Bill Knight column for Thurs., Fri., or Sat., May 15, 16 or 17
Expiring are Illinois Jobs Now – the law that funds maintenance and construction of roads, highways, and public transit, adopted in 2009 and ending July 1, and the federal Moving Ahead for Progress in the 21st Century (MAP-21), enacted in 2012 and expiring Sept. 30 (if its funds don’t run out sooner).
That trust fund usually operates from the 18.4 cents/gallon federal gas tax. But the tax hasn’t increased since 1993, and rising costs have outpaced revenues by as much as $20 billion annually in recent years.
The need also is becoming dangerous. The American Society of Civil Engineers gives the nation’s infrastructure a D+ grade in its annual report card. Statewide, 2,275 bridges are structurally deficient, according to the American Road & Transportation Builders Association says, and that will only worsen without attention, advocates say.
“If we don’t do anything,” said Jennifer Morrison from Transportation For Illinois Coalition (TFIC), “that would mean one in every three miles would be in unacceptable condition."
TFIC has proposed a way to fund Illinois’ transportation infrastructure by directing sales taxes on fuel paid at the pump back to transportation spending, increasing vehicle registration fees, and broadening the sales tax so that transportation-related services like auto repairs and car washes would be spent only on transportation. TFIC also proposes increasing the fuel tax by 4 cents/gallon for gasoline and 7 cents/gallon on diesel – taxes that haven't increased for road purposes since 1990. Altogether, that would help create a state fund of $1.8 billion annually to provide steady spending for transportation.
TFIC’s report “Catalyst to a Better Economy,” says, “The $1.8 billion in new annual revenue would fund pay-as-you-go spending and bonding to ensure the state gets its roads into 90 percent satisfactory shape and its bridges to 93 percent satisfactory shape, as well as providing millions of dollars for long overdue transit improvements in the congested Chicagoland area.
“This proposal would mean Illinoisans would see immediate improvement in the quality of roads, bridges and transit, and the State would be positioned to maintain the system going forward.”
Fuel prices in the last decade have ranged from $1.50/gallon to more than $4/gallon. Such fluctuations, plus better mileage and motorists driving less, have affected the funds. The biggest factor is inflation. If the fuel tax had kept up with inflation, it would be 32 cents/gallon today.
Illinois Chamber of Commerce president Doug Whitley, a TFIC co-chair, stresses TFIC’s earmarking transportation taxes for transportation spending.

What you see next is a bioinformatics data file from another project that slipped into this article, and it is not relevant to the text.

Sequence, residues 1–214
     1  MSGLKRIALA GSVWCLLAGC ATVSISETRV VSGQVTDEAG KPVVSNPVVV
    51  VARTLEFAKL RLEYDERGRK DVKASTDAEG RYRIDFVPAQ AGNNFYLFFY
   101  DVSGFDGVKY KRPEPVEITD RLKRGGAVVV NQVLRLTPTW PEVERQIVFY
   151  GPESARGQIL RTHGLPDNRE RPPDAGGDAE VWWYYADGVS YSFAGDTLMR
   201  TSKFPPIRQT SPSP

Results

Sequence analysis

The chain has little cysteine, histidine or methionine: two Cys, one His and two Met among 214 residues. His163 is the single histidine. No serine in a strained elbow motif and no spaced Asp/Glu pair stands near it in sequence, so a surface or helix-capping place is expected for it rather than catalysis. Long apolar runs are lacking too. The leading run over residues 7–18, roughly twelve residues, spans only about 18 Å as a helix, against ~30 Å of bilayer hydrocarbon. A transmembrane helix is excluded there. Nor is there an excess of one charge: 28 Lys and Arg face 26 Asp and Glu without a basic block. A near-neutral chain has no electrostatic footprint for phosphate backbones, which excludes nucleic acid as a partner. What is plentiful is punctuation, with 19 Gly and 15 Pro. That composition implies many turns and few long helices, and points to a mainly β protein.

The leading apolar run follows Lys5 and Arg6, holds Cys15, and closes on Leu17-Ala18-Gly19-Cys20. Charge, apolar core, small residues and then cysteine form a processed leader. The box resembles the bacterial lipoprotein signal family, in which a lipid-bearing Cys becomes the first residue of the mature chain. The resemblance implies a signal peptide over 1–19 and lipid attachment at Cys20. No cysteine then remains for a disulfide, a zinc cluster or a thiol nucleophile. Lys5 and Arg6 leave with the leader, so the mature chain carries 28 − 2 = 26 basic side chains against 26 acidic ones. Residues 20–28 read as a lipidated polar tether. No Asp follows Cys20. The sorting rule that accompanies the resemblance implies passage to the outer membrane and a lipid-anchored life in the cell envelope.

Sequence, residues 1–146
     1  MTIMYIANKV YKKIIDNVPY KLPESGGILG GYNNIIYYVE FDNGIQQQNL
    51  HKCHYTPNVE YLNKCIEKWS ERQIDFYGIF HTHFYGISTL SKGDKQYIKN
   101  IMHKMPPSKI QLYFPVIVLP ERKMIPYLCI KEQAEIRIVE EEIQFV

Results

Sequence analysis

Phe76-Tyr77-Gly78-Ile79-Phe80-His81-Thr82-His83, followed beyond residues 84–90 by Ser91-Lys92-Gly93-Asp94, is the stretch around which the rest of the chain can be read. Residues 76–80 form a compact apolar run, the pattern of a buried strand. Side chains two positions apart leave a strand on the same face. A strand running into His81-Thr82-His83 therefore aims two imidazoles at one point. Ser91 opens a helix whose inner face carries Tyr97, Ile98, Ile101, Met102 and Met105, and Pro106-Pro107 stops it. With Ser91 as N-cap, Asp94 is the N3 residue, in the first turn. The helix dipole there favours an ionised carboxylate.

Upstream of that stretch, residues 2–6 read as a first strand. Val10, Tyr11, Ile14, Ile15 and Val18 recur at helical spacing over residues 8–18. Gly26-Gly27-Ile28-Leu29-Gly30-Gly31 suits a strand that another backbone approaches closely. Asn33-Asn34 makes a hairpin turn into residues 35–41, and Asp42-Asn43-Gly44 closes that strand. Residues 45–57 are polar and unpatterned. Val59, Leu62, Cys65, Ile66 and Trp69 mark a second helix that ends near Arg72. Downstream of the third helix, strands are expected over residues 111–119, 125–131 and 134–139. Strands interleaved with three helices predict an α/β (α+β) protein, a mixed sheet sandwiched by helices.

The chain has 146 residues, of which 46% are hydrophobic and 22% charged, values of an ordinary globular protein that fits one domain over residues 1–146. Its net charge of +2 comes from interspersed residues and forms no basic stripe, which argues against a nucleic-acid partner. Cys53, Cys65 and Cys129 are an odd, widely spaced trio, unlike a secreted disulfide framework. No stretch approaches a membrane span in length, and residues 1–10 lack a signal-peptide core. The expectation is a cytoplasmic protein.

“The centerpiece to fund TFIC’s proposal requires the reallocation of existing tax and fee receipts that are derived from highway users, but currently deposited in the state’s General Fund rather than in a road or construction fund,” Whitley said. “There are an additional $170 million in various fees and budget allocations that the TFIC has identified as being inappropriately directed toward some governmental expense other than building and maintaining roads or operating the Illinois Department of Transportation.
“You have to invest in your future,” Whitley continued. “Being able to make sure you can get workers to and from your locations, get your goods and services moved, is invaluable.”
However, some businesses say commerce would be hurt, and earmarking transportation-related revenues for transportation spending affects programs that benefit from diverting about $1 billion, which the state’s General Fund wouldn’t have to spend.
Gov. Pat Quinn’s six-year, $8.6 billion plan for addressing infrastructure seems ambitious, but it’s vague on funding details.
Meanwhile, the prospect for the idea is anybody’s guess, but since none of the dozens of Illinois legislators TFIC says it’s contacted has agreed to sponsor it, it doesn’t look good. Usually, tax bills don’t occur until the end of the legislative session, so something could still occur. But it’s also six months before an election and lawmakers already are contemplating Quinn’s request to make permanent the five-year-old temporary income tax increase, which is set to expire next year.
Quinn barely mentioned transportation issues in his budget message in March, and Republican gubernatorial candidate Bruce Rauner has said he wants the state to spend more on infrastructure improvement, but he said he didn't think Illinois' motor fuel tax would need to be increased.
“Legislators are willing to cut the ribbons, but not as willing to vote for the fee increases needed to fund the programs,” Whitley said.
[PICTURED: logo from transportation-for-illinois-coalition.com]